I support the demonstration projects with clients and develop pre-sales capability. Essentially, I help get projects off the ground and communicate the benefits of Space Tech to our clients.

    What does a typical day look like for you in the team?

    Responding to a lot of questions, finding the right mix of technical details to help communicate our Space Tech projects that are already in flight, as well as those proposed.

    One of the Earth Observation applications that has amazed me has been our ability to detect leaning poles by analysing shadows in satellite images in relation to the angle of the sun – simple and beautiful. The potential of satellites to work together in a constellation to create high fidelity and frequency data products is also amazing and has huge potential.

    What’s your personal favourite area of Space to explore?

    The measurement of biodiversity changes is really critical to our future and we need a solution to measure biodiversity changes at scale to understand the causes and implications. Space Tech is the best solution we have for this.

    What’s the potential of Earth Observation to build a better working world?

    We can use Space Tech to improve the efficacy and timeliness of prediction of changes that matter EY clients on a large scale. It can also contribute to our community by improving our understanding of climate change impacts and mitigation. A good example of this is the creation of the Global Data Science Challenge, where we activated a worldwide STEM community to create detection and prediction models for bushfires which can be shared across the world.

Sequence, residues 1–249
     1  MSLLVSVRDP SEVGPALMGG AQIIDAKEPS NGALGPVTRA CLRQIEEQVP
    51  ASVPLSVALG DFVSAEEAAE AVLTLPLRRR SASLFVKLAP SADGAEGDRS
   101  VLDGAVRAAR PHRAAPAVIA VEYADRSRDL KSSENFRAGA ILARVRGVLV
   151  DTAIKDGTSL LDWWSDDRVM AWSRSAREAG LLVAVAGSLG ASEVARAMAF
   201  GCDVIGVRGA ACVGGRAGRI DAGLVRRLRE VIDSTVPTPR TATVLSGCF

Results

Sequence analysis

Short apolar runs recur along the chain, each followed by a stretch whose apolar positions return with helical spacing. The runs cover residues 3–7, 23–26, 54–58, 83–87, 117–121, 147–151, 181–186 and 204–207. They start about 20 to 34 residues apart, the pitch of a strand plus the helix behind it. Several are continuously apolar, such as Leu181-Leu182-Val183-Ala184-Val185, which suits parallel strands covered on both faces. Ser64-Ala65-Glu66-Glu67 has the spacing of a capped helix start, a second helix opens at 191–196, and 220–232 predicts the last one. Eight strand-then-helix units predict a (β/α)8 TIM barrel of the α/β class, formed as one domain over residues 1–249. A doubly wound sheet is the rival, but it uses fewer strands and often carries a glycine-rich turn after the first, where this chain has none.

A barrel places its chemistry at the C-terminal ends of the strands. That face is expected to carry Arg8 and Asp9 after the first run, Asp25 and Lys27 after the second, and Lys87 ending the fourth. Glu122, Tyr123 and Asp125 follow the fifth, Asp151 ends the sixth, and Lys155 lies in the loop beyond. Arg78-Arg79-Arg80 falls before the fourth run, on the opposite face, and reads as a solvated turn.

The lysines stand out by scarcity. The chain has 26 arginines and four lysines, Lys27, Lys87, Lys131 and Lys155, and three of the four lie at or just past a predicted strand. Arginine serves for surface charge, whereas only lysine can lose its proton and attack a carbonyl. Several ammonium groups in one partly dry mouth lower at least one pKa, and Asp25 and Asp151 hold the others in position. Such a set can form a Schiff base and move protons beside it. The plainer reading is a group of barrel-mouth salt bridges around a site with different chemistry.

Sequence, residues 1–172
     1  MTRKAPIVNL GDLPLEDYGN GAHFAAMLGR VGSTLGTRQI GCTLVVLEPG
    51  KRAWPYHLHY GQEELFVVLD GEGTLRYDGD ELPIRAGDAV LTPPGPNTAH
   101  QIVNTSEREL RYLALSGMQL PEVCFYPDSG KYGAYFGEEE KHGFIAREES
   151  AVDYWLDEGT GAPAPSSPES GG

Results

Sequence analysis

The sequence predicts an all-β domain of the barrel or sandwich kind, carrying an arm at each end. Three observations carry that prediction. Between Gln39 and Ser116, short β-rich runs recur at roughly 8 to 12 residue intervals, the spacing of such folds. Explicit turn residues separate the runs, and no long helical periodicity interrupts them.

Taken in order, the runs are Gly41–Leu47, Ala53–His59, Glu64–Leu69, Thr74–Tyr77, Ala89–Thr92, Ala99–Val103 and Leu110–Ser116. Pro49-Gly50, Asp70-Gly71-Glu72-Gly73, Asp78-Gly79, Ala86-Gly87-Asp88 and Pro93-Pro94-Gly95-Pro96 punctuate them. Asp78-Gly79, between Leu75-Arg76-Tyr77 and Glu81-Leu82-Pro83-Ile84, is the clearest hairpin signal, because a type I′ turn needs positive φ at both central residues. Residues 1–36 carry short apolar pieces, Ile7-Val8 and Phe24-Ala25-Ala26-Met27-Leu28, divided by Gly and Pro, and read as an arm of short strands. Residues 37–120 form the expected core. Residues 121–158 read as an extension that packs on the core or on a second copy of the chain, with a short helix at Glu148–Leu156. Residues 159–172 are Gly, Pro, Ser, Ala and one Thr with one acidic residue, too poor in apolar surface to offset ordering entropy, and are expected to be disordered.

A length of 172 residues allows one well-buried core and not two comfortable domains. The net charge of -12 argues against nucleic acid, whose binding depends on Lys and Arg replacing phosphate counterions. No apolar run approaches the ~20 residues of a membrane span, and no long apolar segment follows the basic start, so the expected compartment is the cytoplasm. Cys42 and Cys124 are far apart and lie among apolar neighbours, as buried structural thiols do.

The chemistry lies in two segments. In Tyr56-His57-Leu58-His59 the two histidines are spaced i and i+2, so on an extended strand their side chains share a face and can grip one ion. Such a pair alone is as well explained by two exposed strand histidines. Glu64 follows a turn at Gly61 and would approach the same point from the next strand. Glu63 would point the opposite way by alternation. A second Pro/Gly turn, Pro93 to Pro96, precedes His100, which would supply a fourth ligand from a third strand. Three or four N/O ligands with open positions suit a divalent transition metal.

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Summary

What began as a passion project among our staff is now a fully-fledged team developing data-driven solutions that bring Space Tech down to Earth to improve outcomes for every kind of business.

About this article

By Anthony Jones

Space Tech Leader & Oceania Assurance Innovation Leader

Anthony is leading the development of EY’s strategy and business capabilities across the domain of Space and Space technology managing internal capability development, go to market initiatives.